In the context of organizations pursuing changes for improving their positions and their ability to perform in competitive markets,
the successful implementation of organizational change has become an essential management task.
The article "Does Transformational Leadership matter during Organizational Change", published by Paul Chou, Assistant professor, Business Administration Department,
Minghsin University of Science & Technology, Taiwan, ROC, in European Journal of Sustainable Development in 2014, is focused on revealing the impact of leadership styles on employees’ behaviors and commitment towards change.
Organizational change is related to transformation of business strategies or major sections of an organization. This process is complex and stressful as it involves adjustments of employees’ normal routines. That is why one of the most important variables impacting the outcomes is leadership, through its capacity to affect the attitudinal dimension of organizational life. For most employees, their manager or team leader is the image of the organization; what they say or do is what the company says or does.
While previous studies focused on the employees’ attitudes and emotional response, the current one investigates the behavioral response, in terms of mechanism through which transformational leadership influences employees’ behavioral support for change.
Chou’s approach explored transformational leadership (referring to leaders that are charismatic, inspire vision, encourage creativity and prove to be supportive regarding the needs of their employees during the change process), behavioral support for change (that integrates three essential behaviors, i.e. compliance, cooperation and championing), as well as self-efficacy (the extent to which an individual believes that s/he can perform a specific behavioral task).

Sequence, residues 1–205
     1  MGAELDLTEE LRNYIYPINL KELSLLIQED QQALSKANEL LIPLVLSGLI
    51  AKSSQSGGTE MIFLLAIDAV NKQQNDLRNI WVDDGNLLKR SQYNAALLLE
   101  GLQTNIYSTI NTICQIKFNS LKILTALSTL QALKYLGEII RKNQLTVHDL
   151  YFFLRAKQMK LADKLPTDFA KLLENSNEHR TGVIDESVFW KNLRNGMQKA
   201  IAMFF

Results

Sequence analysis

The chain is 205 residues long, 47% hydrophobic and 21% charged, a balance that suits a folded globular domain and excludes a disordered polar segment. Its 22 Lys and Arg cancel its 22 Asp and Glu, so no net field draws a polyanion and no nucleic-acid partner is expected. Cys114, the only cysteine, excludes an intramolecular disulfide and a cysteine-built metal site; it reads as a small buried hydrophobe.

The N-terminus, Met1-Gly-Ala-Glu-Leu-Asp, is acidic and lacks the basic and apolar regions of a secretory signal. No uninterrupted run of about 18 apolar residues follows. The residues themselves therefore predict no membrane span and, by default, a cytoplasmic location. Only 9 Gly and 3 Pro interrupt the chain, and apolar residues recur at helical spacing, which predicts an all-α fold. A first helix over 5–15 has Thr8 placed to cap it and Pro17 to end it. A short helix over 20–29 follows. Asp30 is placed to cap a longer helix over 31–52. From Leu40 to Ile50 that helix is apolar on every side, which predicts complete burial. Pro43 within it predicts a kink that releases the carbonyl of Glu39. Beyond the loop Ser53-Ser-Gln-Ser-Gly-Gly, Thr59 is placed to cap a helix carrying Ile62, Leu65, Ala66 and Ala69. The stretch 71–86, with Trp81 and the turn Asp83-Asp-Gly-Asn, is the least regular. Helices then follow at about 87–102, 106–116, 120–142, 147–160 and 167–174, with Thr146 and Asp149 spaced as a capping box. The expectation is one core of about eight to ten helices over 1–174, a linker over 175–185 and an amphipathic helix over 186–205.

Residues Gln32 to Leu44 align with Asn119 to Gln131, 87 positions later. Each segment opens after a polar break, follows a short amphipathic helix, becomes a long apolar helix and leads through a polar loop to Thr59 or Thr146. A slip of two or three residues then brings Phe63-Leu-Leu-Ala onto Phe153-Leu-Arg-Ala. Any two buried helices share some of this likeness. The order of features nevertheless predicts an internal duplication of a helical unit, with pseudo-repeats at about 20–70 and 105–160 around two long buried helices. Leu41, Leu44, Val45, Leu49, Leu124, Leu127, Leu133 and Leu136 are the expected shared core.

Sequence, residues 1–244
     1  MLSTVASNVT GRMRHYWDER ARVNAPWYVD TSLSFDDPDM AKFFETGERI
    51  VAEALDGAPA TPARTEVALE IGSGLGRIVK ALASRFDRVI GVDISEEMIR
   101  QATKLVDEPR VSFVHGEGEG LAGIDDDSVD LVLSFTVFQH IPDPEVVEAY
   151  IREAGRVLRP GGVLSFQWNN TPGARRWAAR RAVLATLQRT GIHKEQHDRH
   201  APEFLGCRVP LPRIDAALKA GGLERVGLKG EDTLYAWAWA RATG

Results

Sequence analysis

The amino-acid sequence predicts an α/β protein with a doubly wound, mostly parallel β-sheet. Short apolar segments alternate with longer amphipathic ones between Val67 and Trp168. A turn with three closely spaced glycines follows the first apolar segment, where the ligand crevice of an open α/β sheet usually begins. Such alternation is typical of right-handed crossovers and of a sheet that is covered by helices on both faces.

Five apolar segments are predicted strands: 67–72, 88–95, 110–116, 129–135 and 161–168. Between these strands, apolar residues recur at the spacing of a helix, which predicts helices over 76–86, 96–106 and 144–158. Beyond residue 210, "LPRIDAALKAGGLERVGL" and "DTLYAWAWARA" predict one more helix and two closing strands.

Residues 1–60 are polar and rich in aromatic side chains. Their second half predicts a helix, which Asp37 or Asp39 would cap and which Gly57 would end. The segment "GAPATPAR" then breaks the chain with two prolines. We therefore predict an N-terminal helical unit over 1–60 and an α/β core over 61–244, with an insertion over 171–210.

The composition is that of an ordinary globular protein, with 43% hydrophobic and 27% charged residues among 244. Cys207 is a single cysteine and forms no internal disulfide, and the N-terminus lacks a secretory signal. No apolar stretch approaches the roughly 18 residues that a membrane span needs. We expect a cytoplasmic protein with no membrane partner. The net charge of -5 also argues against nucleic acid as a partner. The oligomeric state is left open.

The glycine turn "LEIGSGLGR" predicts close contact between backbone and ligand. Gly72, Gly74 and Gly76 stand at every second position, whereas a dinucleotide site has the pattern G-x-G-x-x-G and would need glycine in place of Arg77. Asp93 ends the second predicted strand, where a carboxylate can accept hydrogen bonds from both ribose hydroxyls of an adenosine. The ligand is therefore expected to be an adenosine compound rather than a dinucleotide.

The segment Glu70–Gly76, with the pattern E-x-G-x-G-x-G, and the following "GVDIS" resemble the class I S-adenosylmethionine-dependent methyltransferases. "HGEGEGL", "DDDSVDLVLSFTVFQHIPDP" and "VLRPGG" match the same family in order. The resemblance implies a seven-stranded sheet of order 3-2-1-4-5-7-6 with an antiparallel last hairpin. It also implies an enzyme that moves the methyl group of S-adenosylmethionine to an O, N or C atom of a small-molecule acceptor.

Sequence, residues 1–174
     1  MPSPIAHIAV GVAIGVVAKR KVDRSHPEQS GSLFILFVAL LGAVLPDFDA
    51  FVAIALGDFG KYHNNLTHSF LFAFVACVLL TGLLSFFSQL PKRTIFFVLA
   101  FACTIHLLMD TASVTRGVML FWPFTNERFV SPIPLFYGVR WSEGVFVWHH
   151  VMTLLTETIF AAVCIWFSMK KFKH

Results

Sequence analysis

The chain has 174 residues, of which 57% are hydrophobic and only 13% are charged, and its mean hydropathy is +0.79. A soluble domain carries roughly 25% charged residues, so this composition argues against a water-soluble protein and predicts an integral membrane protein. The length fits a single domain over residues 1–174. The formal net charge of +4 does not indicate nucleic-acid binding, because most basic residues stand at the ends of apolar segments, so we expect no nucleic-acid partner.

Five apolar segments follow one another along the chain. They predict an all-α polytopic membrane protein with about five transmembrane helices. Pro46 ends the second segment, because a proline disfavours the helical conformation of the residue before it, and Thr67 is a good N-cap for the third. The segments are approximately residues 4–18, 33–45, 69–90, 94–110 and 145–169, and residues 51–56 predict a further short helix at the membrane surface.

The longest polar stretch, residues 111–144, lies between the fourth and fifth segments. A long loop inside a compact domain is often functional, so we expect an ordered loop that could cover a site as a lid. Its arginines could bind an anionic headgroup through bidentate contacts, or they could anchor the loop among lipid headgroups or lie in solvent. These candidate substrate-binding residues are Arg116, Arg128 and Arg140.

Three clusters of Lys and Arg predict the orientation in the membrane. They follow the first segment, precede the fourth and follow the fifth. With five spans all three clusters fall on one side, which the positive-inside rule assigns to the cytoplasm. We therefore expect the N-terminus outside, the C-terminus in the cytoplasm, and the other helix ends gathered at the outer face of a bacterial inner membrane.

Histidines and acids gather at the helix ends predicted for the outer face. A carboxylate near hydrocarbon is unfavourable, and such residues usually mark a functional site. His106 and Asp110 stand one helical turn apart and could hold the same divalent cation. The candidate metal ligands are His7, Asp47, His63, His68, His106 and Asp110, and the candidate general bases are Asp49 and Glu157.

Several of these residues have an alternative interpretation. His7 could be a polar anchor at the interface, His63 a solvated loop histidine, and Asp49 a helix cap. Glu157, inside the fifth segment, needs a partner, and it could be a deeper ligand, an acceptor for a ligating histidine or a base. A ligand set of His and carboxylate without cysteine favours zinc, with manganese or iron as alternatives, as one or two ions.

After questioning almost 400 employees from 9 companies, Chou observed a direct influence of transformational leadership on employees’ behavioral support for change, as well as an indirect influence on self-efficacy.
Given this, organizations should support managers to develop competencies associated with transformational leadership. Either through organizational policies or training, coaching and mentoring programs, companies investing in leadership development increase their chances to fulfil successful change processes. With a risk of 60-70% to fail (as estimated by Harvard Business Review), purposeful initiatives to developing specific competencies for transformational leadership and monitoring self-efficacy can make the difference.
If you are an HR Manager or practitioner or having a general interest in the topic, we invite you to read the full article here.